The EU Court attitude is warmly welcomed, and hopefully spreads to EU nations as well. Authors’ rights to benefit from their work is the number one priority for everyone in the business, but at the same time, the way the rights are used must be developed as the digital era progresses.

The EU Court states:

“[e-book lending] has essentially similar characteristics to the lending of printed works. That is the case as regards the lending of a digital copy of a book under the ‘one copy, one user’ model.” And specifically reminds “… provided that authors obtain, at least, fair remuneration.”

Currently, there are many practices in EU countries how libraries deal with digital books. For instance, public libraries in Finland don’t compensate ebook rights holders anything when citizens lend their works. That’s why publishers and authors are very reluctant to make ebooks available via libraries – one of likely reasons that has prevented ebook market to emerge in the country. In Sweden, publishers can set the price per loan that libraries have to pay for each loan. If a publisher sets the loan price too high, libraries won’t make the book available, but when the price is right, everyone is happy (including citizens who couldn’t get enough of football star Zlatan’s biography).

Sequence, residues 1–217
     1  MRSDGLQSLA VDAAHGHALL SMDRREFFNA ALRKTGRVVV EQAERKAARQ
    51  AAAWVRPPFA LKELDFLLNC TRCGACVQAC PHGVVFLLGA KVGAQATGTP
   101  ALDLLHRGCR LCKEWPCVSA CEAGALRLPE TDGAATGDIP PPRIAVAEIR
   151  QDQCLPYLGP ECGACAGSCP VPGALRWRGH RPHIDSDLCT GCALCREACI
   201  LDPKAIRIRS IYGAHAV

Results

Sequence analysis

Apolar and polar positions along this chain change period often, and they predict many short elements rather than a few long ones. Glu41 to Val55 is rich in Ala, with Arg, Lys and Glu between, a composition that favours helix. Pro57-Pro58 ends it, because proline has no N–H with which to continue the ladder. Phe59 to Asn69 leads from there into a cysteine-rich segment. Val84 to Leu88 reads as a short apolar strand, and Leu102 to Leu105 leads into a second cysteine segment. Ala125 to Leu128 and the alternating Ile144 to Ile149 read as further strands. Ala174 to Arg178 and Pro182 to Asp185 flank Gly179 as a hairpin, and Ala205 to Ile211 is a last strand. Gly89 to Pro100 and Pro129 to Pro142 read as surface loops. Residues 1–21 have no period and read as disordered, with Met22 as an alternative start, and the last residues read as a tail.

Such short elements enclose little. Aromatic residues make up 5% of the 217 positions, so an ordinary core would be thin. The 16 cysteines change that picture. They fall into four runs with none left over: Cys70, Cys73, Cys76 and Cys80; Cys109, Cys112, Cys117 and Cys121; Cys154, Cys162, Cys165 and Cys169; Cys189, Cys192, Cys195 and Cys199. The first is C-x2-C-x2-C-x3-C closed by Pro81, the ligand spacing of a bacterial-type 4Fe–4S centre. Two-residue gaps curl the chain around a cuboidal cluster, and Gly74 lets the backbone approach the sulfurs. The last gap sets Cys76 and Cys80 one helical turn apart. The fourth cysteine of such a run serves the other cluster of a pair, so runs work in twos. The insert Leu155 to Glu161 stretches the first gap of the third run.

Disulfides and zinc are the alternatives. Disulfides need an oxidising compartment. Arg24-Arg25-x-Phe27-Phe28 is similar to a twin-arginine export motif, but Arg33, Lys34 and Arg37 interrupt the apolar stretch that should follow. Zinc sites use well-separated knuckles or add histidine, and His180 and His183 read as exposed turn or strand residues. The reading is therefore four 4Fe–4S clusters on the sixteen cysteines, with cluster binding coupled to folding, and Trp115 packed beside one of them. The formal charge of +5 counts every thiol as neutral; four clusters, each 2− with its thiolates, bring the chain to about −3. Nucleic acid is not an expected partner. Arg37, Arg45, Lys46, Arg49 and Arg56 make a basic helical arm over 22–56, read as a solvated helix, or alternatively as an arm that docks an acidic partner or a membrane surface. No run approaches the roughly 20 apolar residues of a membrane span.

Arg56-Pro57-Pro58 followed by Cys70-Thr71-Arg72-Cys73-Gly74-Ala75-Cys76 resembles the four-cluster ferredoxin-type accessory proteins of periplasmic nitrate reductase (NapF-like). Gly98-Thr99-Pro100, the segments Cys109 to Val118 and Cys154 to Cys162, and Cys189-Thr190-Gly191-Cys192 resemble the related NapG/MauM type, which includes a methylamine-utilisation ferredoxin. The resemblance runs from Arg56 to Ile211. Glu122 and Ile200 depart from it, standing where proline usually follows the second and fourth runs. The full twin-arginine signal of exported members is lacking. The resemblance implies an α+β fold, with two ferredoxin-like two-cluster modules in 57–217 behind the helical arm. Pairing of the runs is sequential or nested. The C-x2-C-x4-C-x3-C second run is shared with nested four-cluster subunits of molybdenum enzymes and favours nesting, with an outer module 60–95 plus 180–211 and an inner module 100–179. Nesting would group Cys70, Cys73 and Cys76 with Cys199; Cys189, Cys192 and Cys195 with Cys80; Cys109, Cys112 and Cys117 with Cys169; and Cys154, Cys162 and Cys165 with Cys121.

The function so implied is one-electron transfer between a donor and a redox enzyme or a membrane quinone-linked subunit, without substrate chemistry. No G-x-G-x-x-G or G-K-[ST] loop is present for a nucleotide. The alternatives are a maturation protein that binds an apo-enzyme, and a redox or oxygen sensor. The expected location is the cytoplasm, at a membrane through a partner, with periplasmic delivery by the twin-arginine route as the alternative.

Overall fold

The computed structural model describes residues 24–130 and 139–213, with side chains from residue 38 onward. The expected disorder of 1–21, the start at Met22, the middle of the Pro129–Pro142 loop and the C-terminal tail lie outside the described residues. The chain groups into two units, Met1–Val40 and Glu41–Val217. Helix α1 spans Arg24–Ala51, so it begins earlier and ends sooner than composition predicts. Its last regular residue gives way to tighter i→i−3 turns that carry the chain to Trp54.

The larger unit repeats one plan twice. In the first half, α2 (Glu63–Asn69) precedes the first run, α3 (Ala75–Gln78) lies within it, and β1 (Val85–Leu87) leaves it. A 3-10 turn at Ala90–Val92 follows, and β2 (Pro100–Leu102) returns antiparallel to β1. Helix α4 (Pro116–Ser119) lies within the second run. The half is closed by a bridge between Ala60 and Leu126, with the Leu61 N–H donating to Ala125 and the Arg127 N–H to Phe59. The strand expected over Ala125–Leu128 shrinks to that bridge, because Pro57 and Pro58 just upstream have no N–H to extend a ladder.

Surprisingly, The Federation of European Publishers opposes EU Court’s ebook lending decision. The organization represents national publishers’ associations, which tends to mean big publishers. The organization’s concern seems to be (according to the press release) piracy: ebook lenders would loan ebooks only to crack the DRM and keep the books forever, and not return them to the library.

Two things for the Federation of European Publishers to consider: the same piracy risk is present in all ebooks purchased from bookstores, and it would be a good idea for the organization to get familiar with the ebook lending system in Sweden.